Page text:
||Garden villages and towns – settlements of between 1,500 and 10,000 homes - are on the political radar once again – as flagged in the Government's recent consultation on changes to the National Planning Policy Framework. The Government wants to give capacity support for local authorities (funding for extra officers?) and to introduce new legislation to speed up and simplify the process for delivering new settlements. This is terrific news and should help to ensure the delivery of large numbers of homes (up to 100,000?) in properly designed and master-planned places.
||The Government has pledged to look at the possibility of reducing the weight of outdated plans in decision-making. Local authorities need long-term spatial plans to shape development in their areas, but there is often insufficient flexibility when those plans become outdated. On the subject of Local Plans, the Government announced its wish to speed up the preparation and adoption of Local Plans – a laudable aim but risks being achieved at the expense of thorough consultation and examination.
||An intention to reform Compulsory Purchase Orders was also announced – although no details given. The Government is keen for the CPO process to be "clearer, fairer and quicker". It is absolutely true that the system needs overhauling, but it may be time to rip up the CPO rules and start again, rather than adding yet another sticking plaster to what we currently have. Certainty is a great thing for everyone involved in a CPO, but there is an extremely difficult line to draw between fairness and speed in CPO; and fairness needs to work both ways: to landowners whose interests are acquired (often individuals or small businesses) and to developers benefitting from the CPO who foot the bill for compensation.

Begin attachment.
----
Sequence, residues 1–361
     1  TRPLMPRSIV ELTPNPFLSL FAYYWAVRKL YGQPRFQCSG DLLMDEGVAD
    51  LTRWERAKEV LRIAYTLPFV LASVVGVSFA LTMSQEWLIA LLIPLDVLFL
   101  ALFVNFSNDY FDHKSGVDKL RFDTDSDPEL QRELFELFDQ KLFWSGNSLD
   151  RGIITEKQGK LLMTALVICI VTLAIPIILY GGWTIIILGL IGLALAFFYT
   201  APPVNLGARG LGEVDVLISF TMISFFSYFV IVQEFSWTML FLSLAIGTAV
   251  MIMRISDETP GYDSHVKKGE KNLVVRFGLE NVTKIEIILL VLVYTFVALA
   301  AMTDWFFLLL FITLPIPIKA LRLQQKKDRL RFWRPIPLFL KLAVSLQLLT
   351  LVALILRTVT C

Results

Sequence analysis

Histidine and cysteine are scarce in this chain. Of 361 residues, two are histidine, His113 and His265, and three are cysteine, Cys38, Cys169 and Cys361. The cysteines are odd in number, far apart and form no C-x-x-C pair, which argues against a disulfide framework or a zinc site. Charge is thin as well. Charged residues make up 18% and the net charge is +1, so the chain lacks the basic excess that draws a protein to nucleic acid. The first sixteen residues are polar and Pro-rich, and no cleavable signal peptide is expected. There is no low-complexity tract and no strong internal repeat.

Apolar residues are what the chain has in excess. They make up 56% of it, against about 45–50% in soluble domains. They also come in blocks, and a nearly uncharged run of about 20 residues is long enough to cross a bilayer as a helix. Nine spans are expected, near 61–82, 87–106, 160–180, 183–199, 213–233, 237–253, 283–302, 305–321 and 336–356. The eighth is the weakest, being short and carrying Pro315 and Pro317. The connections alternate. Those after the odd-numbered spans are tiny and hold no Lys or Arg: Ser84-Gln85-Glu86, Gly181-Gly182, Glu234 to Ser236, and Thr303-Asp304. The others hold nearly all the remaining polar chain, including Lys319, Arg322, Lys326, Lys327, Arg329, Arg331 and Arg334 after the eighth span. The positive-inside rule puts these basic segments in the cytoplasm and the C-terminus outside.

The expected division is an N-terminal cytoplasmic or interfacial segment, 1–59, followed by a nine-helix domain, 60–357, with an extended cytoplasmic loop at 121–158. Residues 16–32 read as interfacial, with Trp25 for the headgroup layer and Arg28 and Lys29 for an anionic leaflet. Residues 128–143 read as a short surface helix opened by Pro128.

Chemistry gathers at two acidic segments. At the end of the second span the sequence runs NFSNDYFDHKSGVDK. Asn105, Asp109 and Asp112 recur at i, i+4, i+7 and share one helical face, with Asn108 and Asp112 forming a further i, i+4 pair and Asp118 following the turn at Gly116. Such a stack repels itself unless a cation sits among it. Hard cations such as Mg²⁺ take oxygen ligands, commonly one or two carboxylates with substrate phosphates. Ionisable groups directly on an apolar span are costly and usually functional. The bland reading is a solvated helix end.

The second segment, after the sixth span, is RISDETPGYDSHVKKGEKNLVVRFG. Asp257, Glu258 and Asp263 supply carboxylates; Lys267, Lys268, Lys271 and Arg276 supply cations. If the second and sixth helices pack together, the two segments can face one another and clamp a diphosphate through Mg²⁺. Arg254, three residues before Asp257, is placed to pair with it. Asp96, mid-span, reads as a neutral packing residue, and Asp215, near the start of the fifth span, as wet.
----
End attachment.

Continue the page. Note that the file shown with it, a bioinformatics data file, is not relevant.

||Land around stations is being earmarked for more housing, commercial development and regeneration; the Government is teasing us by announcing that proposals for specific sites will be announced shortly. The recent NPPF consultation noted that the Government was considering greater housing densities around commuter hubs (rail and bus stations).
Starter homes – the new affordable housing?
||The Government launched the Starter Homes Land Fund, inviting local authorities to access £1.2bn of funding to remediate brownfield land to deliver starter homes.
Carbon reduction commitment – Gone!
||So this isn't too important for developers, but it is very significant for the real estate sector and we cannot contain our delight that the CRC Energy Efficiency Scheme is on the way out. It was too complicated and didn't achieve its aim of improving the energy efficiency of buildings. The CRC will be replaced by changes to the Climate Change Levy and should be revenue neutral – but the administrative pain of CRC compliance will soon be gone.
How can Stephenson Harwood help?
More than ever, planning, environmental and climate change issues are at the heart of law and policy - Stephenson Harwood's environment and planning group helps its clients successfully navigate these complex regulatory frameworks.
Follow us on twitter @SH_EnviroPlan
To keep track of further news and insights into environmental and planning law issues in the EU, keep watch for our "Top Ten" series #10ThingsSH